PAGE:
Atherton confessed to filling his pockets with dust before using it on the ball. He was immediately bombarded by a barrage of criticism, even from his own camp. Denis Compton and Geoff Boycott, two former stalwarts of English cricket, demanded that Atherton be fired. Illingworth fined the skipper £2,000 — £1,000 for using dirt to dry his fingers and £1,000 for concealing the actual story from an International Cricket Council (ICC) official. A livid Burge called Atherton’s actions “foolish” and said it couldn’t be condoned “particularly when done by a Test captain.” “The fact that Atherton misled an ICC referee by not giving a full and frank disclosure when given the opportunity to do so concerns me more because of the effect on the image of cricket,” he further stated in his press release.

The newspapers flashed the incident across their front pages the following day. “Atherton comes clean on a pocket full of dirt,” wrote The Independent, whereas The New York Times was more forthcoming. “England Aghast as Team Captain Admits Dusting Ball: This Dirt Simply Isn’t Cricket,” their headline read.

The English cricketers, although not inked on paper, were presumed to be flag-bearers of the game. Ironically, two years before this incident, an English batsman (Allan Lamb) had accused a Pakistani bowler (Sarfraz Nawaz) of ball-tampering and, although the former was sued, he received tremendous support from the cricket fraternity for speaking up on the issue. It was widely believed that Pakistan’s bowling department often fidgeted with the condition of the ball and gained an undue advantage through it. It was also believed by some that they were the only team who could resort to such sour tactics. Atherton’s actions made a mockery of England’s stand on the issue.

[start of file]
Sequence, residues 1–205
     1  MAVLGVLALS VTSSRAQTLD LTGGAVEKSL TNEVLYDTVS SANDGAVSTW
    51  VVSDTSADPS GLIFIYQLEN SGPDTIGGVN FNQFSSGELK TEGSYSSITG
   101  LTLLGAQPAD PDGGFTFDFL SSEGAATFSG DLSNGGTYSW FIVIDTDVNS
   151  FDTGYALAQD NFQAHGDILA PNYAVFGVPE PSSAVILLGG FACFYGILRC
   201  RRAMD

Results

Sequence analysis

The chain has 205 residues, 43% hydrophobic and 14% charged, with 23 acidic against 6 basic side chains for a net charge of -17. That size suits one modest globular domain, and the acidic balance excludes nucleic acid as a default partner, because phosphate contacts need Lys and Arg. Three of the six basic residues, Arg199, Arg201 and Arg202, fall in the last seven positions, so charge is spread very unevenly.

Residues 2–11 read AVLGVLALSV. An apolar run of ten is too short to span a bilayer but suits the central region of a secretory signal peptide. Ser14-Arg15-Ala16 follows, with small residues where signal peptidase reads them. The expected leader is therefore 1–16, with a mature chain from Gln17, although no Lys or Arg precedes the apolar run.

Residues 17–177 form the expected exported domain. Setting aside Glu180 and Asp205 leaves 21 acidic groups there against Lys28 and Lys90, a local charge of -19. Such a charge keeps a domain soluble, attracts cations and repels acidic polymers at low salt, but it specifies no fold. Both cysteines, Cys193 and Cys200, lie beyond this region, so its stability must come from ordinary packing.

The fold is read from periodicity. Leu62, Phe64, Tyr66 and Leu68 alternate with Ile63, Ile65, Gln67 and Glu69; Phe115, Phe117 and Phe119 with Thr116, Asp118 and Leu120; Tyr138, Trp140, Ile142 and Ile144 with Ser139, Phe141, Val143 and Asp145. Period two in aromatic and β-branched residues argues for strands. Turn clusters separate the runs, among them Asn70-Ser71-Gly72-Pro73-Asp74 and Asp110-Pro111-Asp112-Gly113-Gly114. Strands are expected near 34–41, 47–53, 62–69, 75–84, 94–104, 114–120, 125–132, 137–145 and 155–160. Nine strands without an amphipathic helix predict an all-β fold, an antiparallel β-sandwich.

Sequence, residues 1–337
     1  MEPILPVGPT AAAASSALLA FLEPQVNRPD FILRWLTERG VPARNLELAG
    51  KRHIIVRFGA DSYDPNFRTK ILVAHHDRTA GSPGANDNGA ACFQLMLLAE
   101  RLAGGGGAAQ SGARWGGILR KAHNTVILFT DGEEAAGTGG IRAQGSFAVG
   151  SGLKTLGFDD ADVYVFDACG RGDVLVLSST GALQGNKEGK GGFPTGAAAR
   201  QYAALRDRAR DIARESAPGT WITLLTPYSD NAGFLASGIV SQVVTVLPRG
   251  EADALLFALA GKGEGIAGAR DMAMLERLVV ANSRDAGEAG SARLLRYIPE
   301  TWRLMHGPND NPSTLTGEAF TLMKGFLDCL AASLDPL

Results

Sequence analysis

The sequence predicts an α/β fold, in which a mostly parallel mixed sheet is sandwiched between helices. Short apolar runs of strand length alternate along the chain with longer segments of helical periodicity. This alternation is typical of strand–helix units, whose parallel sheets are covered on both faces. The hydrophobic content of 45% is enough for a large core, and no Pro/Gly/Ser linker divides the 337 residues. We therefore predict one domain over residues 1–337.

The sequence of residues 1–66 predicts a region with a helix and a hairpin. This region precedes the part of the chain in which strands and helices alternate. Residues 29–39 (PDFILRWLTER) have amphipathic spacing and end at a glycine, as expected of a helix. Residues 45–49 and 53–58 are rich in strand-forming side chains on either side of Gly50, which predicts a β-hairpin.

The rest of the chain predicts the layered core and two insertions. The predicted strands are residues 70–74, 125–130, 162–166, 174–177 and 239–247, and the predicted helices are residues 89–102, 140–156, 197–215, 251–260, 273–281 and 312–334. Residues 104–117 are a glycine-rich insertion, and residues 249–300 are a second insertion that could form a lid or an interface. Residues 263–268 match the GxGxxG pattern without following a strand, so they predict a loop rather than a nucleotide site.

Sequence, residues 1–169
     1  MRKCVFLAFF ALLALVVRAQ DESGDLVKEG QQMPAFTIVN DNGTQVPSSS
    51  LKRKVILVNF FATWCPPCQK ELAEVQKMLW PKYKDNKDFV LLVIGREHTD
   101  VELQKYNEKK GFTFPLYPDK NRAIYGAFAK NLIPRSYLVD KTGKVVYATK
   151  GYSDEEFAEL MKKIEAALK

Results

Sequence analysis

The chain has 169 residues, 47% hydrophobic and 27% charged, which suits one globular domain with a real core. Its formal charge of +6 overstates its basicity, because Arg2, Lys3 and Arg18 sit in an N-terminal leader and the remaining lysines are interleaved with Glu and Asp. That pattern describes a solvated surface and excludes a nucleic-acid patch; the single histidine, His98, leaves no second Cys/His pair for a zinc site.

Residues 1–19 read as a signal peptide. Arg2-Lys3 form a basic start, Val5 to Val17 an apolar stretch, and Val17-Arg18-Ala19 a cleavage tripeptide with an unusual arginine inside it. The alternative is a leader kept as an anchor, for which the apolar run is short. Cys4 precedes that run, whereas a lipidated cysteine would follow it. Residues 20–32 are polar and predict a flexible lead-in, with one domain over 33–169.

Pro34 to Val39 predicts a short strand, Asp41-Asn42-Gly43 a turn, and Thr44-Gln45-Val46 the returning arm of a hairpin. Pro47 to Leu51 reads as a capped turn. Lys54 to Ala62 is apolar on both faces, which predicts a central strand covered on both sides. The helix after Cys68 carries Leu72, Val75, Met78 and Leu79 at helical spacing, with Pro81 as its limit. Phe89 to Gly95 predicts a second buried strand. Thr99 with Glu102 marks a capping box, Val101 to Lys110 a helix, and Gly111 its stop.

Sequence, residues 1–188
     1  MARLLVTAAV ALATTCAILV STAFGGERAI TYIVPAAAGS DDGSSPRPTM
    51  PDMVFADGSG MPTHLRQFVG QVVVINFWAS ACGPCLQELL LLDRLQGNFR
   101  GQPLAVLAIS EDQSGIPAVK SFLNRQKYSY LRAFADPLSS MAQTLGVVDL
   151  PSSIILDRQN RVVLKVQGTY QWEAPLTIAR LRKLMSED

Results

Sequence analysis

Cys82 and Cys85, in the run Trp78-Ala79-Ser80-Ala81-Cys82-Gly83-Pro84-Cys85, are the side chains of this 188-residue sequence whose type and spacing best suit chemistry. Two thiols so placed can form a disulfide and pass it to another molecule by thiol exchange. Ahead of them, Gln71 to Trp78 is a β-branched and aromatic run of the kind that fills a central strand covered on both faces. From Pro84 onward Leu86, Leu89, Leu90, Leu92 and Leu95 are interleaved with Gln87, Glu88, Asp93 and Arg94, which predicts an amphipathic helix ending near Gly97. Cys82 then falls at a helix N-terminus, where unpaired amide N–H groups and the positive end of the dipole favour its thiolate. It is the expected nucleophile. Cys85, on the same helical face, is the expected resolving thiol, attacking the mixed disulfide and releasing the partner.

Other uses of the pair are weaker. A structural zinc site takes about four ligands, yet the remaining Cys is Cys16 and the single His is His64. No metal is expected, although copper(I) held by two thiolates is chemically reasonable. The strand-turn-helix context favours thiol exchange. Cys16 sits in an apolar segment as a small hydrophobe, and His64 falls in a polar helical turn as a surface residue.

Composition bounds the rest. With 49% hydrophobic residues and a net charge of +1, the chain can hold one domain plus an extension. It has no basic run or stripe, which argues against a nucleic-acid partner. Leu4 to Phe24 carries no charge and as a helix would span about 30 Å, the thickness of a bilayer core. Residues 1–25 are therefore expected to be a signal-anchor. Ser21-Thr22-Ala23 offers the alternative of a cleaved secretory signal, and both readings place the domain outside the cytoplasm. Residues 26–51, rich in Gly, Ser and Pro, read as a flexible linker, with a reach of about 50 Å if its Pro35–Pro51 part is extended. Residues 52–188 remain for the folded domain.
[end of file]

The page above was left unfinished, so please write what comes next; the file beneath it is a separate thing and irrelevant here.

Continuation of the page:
What followed?

Atherton argued that he was only “maintaining the condition of the ball” and not “changing” it and wondered what all the hullaballoo was about. The issue was furiously debated, but to the South African batsmen, it mattered little. The ball, regardless of its state, was thwacked around Lord’s and a target of 456 was left to chase for England. They succumbed to 99 and conceded defeat by an appalling margin of 356 runs. The Test, which was put on the backburner ever since that third, eventful afternoon, was one of England’s biggest defeats.

Atherton wasn’t suspended. In the next Test, he hammered 99 and won back the hearts of the press. Illingworth justified the punishment, saying it saved Atherton from a definite suspension and perhaps also his axing as captain. Wisden, though, was critical of his actions. “If Atherton was a cheat, he was not a very successful one. England’s bowlers mostly failed, though not quite as humiliatingly as their batsmen,” it noted.

Brief scores:

South Africa 357 (Kepler Wessels 105, Gary Kirsten 72; Darren Gough 4 for 76, Angus Fraser 3 for 72) and 278 for 8 decl. (Gary Kirsten 44, Peter Kirsten 42; Darren Gough 4 for 46) beat England 180 (Graeme Hick 38; Allan Donald 5 for 74) and 99 (Graham Gooch 28; Brian McMillan 3 for 16, Craig Matthews 3 for 25) by 356 runs.

(Karthik Parimal, a Correspondent with CricketCountry, is a cricket aficionado and a worshipper of the game. He idolises Steve Waugh and can give up anything, absolutely anything, just to watch a Kumar Sangakkara cover drive. He can be followed on Twitter at